To educate, entertain, and enthuse all those who venture beyond the shoreline. Over 10,300 articles on solo swims, pro races, relays, charity events, eco-swims, stage swims, marathon swims, trends, products, services, personalities, coaches, governing bodies, rules, demographics, books, films, blogs, conferences, camps, clinics, exploits and happenings in oceans, seas, lakes, rivers, dams, canals, channels, fjords, estuaries, lochs, coves, firths, straits, bays, and harbors.
Tuesday, February 22, 2011
Dr. Harry Huffaker To Be Honored In New York City
The International Marathon Swimming Hall of Fame’s induction ceremony in June will welcome the newest Class who represent the very best of the global open water swimming community – dedicated and humble individuals committed to their sport.
The honorees range from the United States, Japan, Australia, Canada, Argentina, Ecuador, Morocco, Egypt, Great Britain and South Africa. It is a talented group who has succeeded against all odds while venturing past the shorelines time and time again.
Since Captain Matthew Webb, the first person to swim across the English Channel, was inducted in 1963, 217 other individuals have been recognized by the International Marathon Swimming Hall of Fame for their unprecedented adventures and world-class exploits in the oceans and across the lakes of the world.
Dr. Huffaker was a pioneer in swimming the dangerous channels in Hawaii. Throughout his illustrious career in the pre-GPS era, he has faced sharks up close, jellyfish, massive ocean swells and extremely strong currents during unprecedented swims in the tropical waters of Hawaii.
During his 1967 Molokai Channel swim, Dr. Huffaker saw a large shark underneath him and immediately headed for his escort boat, but the shark then swam between him and his boat, which was too far away for an easy escape. He continued on and ultimately reached his goal after 16 hours.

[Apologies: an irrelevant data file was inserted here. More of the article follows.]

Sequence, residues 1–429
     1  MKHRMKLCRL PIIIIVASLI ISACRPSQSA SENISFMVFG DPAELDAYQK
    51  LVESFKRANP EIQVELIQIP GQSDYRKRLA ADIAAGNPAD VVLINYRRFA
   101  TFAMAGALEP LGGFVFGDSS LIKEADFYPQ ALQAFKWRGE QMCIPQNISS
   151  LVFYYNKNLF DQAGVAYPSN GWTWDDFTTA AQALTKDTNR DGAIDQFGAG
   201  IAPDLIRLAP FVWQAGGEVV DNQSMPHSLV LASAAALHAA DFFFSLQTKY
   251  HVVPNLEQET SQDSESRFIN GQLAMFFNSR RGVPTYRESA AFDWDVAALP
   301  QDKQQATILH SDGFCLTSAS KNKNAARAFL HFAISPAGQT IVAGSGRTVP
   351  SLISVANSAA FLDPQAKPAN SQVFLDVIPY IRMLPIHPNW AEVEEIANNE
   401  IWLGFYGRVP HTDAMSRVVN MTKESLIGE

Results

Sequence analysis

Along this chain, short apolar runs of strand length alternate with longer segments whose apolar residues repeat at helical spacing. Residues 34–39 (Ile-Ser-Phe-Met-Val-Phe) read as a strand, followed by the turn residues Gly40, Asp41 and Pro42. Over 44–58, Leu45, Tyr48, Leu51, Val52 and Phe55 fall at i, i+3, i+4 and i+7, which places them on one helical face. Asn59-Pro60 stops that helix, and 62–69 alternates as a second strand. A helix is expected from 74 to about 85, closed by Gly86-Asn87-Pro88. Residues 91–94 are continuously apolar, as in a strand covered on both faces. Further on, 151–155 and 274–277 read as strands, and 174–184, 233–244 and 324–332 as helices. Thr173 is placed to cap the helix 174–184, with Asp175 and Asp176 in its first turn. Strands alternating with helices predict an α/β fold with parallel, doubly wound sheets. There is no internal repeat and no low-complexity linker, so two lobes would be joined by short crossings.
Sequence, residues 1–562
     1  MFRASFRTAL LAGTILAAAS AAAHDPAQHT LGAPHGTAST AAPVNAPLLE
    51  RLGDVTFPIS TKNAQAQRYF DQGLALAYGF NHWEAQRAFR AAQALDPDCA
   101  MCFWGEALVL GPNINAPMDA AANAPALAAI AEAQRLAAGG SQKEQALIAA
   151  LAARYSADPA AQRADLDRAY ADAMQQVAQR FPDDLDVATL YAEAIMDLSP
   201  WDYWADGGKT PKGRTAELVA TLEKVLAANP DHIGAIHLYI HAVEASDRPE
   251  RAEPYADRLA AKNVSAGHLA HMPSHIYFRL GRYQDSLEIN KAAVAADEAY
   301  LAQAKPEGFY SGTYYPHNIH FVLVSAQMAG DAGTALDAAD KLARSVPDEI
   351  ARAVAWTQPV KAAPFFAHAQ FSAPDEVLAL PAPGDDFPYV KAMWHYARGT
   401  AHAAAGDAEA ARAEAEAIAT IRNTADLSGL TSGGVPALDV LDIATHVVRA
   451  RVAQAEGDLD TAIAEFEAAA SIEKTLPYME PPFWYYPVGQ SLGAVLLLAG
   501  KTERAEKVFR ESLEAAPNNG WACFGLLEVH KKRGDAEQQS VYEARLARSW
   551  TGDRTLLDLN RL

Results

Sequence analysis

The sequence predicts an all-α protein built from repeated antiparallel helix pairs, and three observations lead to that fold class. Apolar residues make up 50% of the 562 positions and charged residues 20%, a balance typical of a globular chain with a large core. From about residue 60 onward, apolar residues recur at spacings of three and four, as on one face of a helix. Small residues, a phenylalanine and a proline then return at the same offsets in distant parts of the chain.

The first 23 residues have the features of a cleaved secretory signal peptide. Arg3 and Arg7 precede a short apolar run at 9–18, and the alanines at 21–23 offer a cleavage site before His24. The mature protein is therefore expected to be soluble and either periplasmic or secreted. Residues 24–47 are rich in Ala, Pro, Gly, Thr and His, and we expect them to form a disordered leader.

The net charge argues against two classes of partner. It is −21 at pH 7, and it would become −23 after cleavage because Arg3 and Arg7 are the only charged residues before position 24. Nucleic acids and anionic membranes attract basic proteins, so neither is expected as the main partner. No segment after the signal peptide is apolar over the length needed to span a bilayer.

Dr. Huffaker was the first person to cross the 30-mile Alenuihaha Channel in 20 hours between the Big Island of Hawaii and Maui in 1970 after his initial failure of 17 hours. He crossed from Molokai to Oahu in 1967 and was the first person to cross between Oahu to Molokai in 1972 after a failed 20-hour attempt when he ran into strong currents, a tiger shark and a brood of Portuguese Man-o-War.
At the age of 50 in 1989, he swam from Lanai to Maui, then Maui to Molokai, then attempted to complete his final Molokai-to-Maui leg before being pulled after 18 hours. He has swum the Maui Channel three times, was the first person to cross the 9.3-mile Kalohi Channel (1989) from Molokai to Lanai and crossed the 8.5-mile Palilolo Channel from Maui to Molokai (1989).
A life well-swum...an honor richly deserved.
Copyright © 2011 by Open Water Source
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An Almanac for Open Water SwimmingAn almanac is essentially a body of knowledge which is so complete that it enables people in different fields to make predictions about the future of their respective industries.
This, for example, was the purpose of the traditional farmers almanacs. It enabled farmers to determine as accurately as possible which crops to plant for the greatest harvests in a given year.
But the farmers almanac was just one example among many.
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Preview the Open Water Swimming Almanac:
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